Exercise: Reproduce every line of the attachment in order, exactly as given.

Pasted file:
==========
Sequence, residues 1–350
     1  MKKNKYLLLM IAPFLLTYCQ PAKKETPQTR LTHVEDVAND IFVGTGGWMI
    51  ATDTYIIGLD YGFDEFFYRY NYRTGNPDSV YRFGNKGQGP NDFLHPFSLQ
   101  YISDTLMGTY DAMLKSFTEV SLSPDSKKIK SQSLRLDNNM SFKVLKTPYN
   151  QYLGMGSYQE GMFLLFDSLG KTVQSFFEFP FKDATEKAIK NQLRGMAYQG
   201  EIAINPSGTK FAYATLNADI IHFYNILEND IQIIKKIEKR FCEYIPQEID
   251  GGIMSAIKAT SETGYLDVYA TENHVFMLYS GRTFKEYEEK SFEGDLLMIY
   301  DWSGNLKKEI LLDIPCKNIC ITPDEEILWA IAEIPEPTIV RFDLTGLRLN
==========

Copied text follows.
Sequence, residues 1–350
     1  MKKNKYLLLM IAPFLLTYCQ PAKKETPQTR LTHVEDVAND IFVGTGGWMI
    51  ATDTYIIGLD YGFDEFFYRY NYRTGNPDSV YRFGNKGQGP NDFLHPFSLQ
   101  YISDTLMGTY DAMLKSFTEV SLSPDSKKIK SQSLRLDNNM SFKVLKTPYN
   151  QYLGMGSYQE GMFLLFDSLG KTVQSFFEFP FKDATEKAIK NQLRGMAYQG
   201  EIAINPSGTK FAYATLNADI IHFYNILEND IQIIKKIEKR FCEYIPQEID
   251  GGIMSAIKAT SETGYLDVYA TENHVFMLYS GRTFKEYEEK SFEGDLLMIY
   301  DWSGNLKKEI LLDIPCKNIC ITPDEEILWA IAEIPEPTIV RFDLTGLRLN